The billionaire class, for the most part, prefers the mask of a Joe Biden, who deftly broke the freight railway unions to prevent a strike and forced them to accept a contract a majority of union members had rejected. But the billionaire class also knows that the goons and con artists on the far right will not interfere in their disemboweling of the nation; indeed, they will be more robust in thwarting the attempts of workers to organize for decent wages and working conditions. I watched fringe politicians in Yugoslavia, Radovan Karadžić, Slobodan Milošević and Franjo Tudjman, dismissed by the political and educated elites as buffoons, ride an anti-liberal wave to power in the wake of widespread economic misery. Walmart, Amazon, Apple, Citibank, Raytheon, ExxonMobile, Alphabet and Goldman Sachs will easily adapt. Capitalism functions very efficiently without democracy.
The longer we remain in a state of political paralysis, the more these political deformities are empowered. As Robert O. Paxton writes in The Anatomy of Fascism, fascism is an amorphous and incoherent ideology. It wraps itself in the most cherished symbols of the nation, in our case, the American flag, white supremacy, the Pledge of Allegiance and the Christian cross. It celebrates hypermasculinity, misogyny, racism and violence. It allows disenfranchised people, especially disenfranchised white men, to regain a sense of power, however illusory, and sanctifies their hatred and rage. It embraces a utopian vision of moral renewal and vengeance to coalesce around an anointed political savior. It is militaristic, anti-intellectual and contemptuous of democracy, especially when the established ruling class mouths the language of liberal democracy but does nothing to defend it. It replaces culture with nationalist and patriotic kitsch. It sees those outside the closed circle of the nation-state or the ethnic or religious group as contaminants who must be physically purged, usually with violence, to restore the health of the nation. It perpetuates itself through constant instability, for its solutions to the ills besetting the nation are transitory, contradictory and unattainable. Most importantly, fascism always has a religious coloring, mobilizing believers around rites and rituals, using sacred words and phrases, and embracing an absolute truth that is heretical to question.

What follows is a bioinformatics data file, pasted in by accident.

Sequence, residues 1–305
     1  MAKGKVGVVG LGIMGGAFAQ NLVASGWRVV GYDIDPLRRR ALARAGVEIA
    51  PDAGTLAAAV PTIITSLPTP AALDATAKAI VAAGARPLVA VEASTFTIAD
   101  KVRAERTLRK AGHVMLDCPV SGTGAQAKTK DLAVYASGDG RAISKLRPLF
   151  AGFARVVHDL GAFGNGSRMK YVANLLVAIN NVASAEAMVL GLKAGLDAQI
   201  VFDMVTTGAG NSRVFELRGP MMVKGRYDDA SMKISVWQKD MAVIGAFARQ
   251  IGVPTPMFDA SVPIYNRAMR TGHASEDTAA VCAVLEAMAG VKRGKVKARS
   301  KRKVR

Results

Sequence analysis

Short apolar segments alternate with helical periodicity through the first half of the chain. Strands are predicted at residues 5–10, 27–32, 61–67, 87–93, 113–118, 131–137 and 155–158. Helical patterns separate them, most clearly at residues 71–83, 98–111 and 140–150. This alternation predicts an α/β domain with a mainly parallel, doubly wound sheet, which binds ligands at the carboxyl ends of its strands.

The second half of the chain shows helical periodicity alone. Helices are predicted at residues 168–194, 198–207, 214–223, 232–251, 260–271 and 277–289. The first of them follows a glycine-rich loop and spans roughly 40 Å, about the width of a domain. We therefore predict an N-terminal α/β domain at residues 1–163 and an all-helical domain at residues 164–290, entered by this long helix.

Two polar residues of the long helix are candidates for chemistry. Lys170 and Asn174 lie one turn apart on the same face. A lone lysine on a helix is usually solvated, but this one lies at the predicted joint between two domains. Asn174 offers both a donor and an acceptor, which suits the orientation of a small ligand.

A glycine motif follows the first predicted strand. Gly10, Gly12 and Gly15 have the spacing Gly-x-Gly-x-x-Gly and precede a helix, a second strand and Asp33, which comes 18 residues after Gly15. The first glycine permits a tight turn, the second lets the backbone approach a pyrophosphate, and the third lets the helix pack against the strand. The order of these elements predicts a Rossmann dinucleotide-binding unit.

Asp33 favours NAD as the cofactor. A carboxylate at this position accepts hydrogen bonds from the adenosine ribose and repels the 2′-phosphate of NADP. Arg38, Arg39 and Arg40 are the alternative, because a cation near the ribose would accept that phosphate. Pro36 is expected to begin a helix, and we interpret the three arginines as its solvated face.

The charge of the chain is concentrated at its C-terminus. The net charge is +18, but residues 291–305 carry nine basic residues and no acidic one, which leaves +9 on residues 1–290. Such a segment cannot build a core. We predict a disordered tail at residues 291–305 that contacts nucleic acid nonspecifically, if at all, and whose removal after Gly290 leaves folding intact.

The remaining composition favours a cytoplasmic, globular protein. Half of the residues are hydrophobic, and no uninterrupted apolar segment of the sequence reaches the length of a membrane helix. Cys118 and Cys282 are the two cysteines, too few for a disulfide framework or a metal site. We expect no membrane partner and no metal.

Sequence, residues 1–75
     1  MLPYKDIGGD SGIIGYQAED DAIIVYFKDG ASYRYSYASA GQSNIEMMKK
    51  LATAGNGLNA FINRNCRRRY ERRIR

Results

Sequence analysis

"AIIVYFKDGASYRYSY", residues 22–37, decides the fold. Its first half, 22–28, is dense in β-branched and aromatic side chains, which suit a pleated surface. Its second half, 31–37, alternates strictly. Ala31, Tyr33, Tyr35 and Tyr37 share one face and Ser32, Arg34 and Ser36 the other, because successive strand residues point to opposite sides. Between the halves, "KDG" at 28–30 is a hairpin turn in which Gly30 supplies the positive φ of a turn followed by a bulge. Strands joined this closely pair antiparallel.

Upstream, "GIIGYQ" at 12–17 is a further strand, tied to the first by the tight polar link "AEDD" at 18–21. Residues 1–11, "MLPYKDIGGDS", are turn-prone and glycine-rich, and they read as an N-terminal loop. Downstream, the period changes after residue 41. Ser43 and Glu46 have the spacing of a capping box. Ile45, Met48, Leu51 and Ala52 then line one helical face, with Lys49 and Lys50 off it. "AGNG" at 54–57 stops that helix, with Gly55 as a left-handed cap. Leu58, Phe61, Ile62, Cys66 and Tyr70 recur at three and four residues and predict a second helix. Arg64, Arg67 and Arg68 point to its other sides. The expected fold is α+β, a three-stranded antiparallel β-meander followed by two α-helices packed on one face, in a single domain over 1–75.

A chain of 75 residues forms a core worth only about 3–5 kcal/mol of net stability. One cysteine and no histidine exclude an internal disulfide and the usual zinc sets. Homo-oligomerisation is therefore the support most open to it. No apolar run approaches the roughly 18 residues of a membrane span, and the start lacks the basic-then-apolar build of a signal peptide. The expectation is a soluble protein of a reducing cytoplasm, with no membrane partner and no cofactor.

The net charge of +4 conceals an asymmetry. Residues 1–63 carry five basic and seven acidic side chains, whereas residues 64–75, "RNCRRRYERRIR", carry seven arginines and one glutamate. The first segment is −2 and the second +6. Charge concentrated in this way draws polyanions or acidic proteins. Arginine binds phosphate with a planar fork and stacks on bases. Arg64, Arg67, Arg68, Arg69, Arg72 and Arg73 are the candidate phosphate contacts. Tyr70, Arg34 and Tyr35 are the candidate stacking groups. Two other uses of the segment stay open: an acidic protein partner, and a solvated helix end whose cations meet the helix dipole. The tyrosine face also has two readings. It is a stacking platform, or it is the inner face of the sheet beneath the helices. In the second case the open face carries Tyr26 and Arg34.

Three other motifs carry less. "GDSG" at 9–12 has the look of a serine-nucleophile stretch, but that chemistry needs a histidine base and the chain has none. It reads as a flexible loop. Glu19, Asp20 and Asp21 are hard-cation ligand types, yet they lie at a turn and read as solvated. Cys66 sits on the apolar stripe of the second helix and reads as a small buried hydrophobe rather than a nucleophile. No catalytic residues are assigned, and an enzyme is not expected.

Trump may be finished politically, but the political and social decay that created Trump remains. This decay will give rise to new, perhaps more competent, demagogues. I fear the rise of Christian fascists endowed with the political skill, self-discipline, focus and intelligence that Trump lacks. The longer we remain politically paralyzed, the more certain Christian fascism becomes. The January 6 mob assault on the Capital two years ago, the polarization of the electorate into antagonistic tribes, the economic misery afflicting the working class, the rhetoric of hate and violence, and the current dysfunction in the Congress is but a glimpse of the nightmare ahead.
Chris Hedges is a Pulitzer Prize-winning journalist, a New York Times best-selling author, a professor in the college degree program offered to New Jersey state prisoners by Rutgers University, and an ordained Presbyterian minister. He has written 12 books, including the New York Times best-seller “Days of Destruction, Days of Revolt” (2012), which he co-authored with the cartoonist Joe Sacco. His other books include “Wages of Rebellion: The Moral Imperative of Revolt,” (2015) “Death of the Liberal Class” (2010), “Empire of Illusion: The End of Literacy and the Triumph of Spectacle” (2009), “I Don’t Believe in Atheists” (2008) and the best-selling “American Fascists: The Christian Right and the War on America” (2008). His latest book is “America: The Farewell Tour” (2018). His book “War Is a Force That Gives Us Meaning” (2003) was a finalist for the National Book Critics Circle Award for Nonfiction and has sold over 400,000 copies. He writes a weekly column for the website ScheerPost.
Chris Hedges is a Pulitzer Prize–winning journalist who was a foreign correspondent for fifteen years for The New York Times, where he served as the Middle East Bureau Chief and Balkan Bureau Chief for the paper. He previously worked overseas for The Dallas Morning News, The Christian Science Monitor, and NPR. He is the host of show The Chris Hedges Report.